My first winery job was not glamorous. Somehow I got the idea that I would be sitting on a hillside swirling a glass, tasting it to see if it was ready, kneading the wines and playing with barrels all the time. If only. I drove down to Stone Hill Winery in Missouri because all the California placements had been taken and quickly became Tank Cleaning Monkey #2. For those of you not familiar with the art of cleaning tanks, it’s not terribly exciting. You spray item X, then probably scrub and then spray item Y, rinse, and if you did a bad job, repeat. However, as far short of my expectations the romance of the job was, it was probably one of the best experiences of my life. I was inspired that by hard work and a little of bit of know-how, we could make delicious art. I decided that while I may not want to sell wine, I could definitely see myself making it.
However, I wanted a faster way out. I found that by working in the cellar I was picking up wine-making quite slowly. I still remember the winemakers walking around the big blue machine that filled up with cake-like stuff complaining about how a protein had gotten caught in the membrane. I had no idea what that meant, and I knew I was a long way from finding out, so I decided I had to go back and do the whole wine-maker education. It was then that I finally made my way to California and my life as a winemaker and not just an intern truly began. (And by the way, today, I know what the big blue thing was and what was wrong)
Fresno State is where I was educated as a winemaker and I feel very blessed by the education that I received there. I made it a point to learn every last thing I could there. I was never willing to be anything short of great and walked out of the school, proud, excited and cocky, thinking that I had learned enough to set me up to become part of the upper echelon of wine-makers. But of course, I was dead wrong. As much as I felt I had learned, there was infinitely more left to learn and the California landscape was littered with talented wine-makers who had truly honed their craft. I found that once I was in the field I was slowly re-educating, modifying, supplementing and building off of my base of knowledge I had learned at Fresno State.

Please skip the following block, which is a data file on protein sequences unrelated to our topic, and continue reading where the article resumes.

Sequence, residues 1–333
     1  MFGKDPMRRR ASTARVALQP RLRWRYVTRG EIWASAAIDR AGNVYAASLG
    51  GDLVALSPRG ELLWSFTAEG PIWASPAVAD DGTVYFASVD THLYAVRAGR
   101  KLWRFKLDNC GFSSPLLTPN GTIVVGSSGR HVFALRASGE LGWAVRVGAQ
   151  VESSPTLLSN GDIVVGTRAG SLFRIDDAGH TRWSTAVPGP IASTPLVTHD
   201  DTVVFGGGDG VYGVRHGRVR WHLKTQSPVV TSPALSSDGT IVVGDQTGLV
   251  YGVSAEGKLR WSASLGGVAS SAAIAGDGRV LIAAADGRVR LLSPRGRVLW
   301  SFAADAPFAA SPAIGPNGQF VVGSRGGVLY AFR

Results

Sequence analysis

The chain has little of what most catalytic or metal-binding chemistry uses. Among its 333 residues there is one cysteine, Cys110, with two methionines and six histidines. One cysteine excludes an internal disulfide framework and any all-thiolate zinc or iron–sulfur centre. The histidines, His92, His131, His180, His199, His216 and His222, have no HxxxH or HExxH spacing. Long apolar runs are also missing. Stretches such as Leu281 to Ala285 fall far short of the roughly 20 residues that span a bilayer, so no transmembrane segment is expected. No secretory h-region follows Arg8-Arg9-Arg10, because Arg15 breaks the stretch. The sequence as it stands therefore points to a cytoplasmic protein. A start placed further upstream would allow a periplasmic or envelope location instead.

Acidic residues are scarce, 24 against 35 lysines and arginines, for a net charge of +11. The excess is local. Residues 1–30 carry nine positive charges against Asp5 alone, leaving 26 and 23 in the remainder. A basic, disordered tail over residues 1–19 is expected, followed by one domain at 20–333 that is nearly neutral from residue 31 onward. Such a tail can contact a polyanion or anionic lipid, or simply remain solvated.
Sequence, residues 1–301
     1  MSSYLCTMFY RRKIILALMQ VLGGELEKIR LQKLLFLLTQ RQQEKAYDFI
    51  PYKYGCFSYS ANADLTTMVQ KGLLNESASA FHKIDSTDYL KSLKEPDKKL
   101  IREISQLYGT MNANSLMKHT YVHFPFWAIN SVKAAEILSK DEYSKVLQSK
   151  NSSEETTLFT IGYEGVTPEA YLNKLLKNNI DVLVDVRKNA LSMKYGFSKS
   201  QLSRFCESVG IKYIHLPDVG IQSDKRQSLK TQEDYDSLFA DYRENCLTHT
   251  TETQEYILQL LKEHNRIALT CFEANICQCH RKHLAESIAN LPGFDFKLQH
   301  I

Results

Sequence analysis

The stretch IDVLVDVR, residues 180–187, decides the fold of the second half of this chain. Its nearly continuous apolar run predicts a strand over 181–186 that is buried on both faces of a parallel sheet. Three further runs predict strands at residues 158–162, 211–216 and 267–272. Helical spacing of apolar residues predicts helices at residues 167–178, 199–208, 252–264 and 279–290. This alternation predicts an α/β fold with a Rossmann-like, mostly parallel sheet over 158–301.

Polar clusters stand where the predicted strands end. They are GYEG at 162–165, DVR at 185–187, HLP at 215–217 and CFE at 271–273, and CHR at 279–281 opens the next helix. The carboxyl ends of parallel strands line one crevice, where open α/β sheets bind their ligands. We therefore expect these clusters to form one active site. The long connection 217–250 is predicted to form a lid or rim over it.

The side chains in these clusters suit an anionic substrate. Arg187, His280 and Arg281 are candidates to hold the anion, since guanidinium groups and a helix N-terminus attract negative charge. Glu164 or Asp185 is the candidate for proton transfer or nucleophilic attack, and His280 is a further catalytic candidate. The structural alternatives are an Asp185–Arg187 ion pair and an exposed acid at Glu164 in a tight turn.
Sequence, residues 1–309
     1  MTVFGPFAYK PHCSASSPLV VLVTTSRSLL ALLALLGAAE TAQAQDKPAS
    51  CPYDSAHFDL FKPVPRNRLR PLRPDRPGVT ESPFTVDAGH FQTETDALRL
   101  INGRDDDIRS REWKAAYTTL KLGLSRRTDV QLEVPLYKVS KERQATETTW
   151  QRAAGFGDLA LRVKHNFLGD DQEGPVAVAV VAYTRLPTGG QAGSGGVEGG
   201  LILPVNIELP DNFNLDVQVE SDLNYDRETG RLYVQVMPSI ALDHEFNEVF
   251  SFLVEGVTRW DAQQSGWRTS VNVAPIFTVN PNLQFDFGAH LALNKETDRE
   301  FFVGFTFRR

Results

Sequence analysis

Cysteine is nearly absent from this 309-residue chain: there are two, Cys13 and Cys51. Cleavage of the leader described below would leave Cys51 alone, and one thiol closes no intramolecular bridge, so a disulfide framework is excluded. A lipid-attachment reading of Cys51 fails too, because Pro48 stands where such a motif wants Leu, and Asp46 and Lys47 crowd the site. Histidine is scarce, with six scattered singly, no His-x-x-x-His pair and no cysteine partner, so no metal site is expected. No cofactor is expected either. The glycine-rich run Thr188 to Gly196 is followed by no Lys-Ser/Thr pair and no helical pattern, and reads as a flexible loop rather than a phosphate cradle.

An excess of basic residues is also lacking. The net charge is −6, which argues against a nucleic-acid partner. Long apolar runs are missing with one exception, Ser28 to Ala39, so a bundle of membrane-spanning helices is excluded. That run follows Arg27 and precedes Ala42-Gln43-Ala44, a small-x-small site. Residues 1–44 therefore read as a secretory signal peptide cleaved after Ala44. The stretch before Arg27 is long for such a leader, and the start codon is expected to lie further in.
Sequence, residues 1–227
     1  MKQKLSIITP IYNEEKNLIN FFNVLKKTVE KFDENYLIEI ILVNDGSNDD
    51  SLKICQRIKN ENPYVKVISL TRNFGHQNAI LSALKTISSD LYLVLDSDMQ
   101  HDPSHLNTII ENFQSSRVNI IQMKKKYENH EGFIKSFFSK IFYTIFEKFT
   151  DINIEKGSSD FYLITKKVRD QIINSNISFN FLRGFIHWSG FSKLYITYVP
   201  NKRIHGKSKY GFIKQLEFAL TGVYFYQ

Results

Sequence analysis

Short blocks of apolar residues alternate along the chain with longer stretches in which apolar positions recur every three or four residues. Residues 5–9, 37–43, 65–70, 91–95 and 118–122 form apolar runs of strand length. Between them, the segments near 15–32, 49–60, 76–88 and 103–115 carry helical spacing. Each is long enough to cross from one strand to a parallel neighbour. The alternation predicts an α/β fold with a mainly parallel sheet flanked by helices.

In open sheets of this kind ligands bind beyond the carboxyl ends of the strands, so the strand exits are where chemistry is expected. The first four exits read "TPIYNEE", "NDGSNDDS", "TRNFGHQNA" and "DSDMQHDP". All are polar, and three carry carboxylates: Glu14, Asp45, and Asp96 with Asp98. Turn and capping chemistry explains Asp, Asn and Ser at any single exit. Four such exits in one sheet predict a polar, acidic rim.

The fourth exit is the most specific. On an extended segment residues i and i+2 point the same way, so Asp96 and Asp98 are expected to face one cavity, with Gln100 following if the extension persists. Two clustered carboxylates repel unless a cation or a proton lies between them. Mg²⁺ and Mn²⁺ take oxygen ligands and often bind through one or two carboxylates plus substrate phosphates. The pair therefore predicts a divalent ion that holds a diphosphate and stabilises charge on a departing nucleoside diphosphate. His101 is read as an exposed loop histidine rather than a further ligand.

And that’s where we are today. I’m not silly enough to think that my knowledge is complete. It never will be and the field is filled with geniuses who will always have something new to share. So now my life’s goal is to pursue those lessons that the fruit, the vineyards, and my colleauges have to teach me. However, I don’t want to keep these lessons to myself. That’s the purpose of this blog. Every lesson learned will be common knowledge and everything I have learned over my internships, my wine-making, my education and my independent study are all here for the common wine consumer, so that the common drinker, can be just as bit as educated in winemaking as myself, someone who’s devoted his life to the craft. Read along friends, and together, hopefully will unlock many of this treasure’s hidden secrets.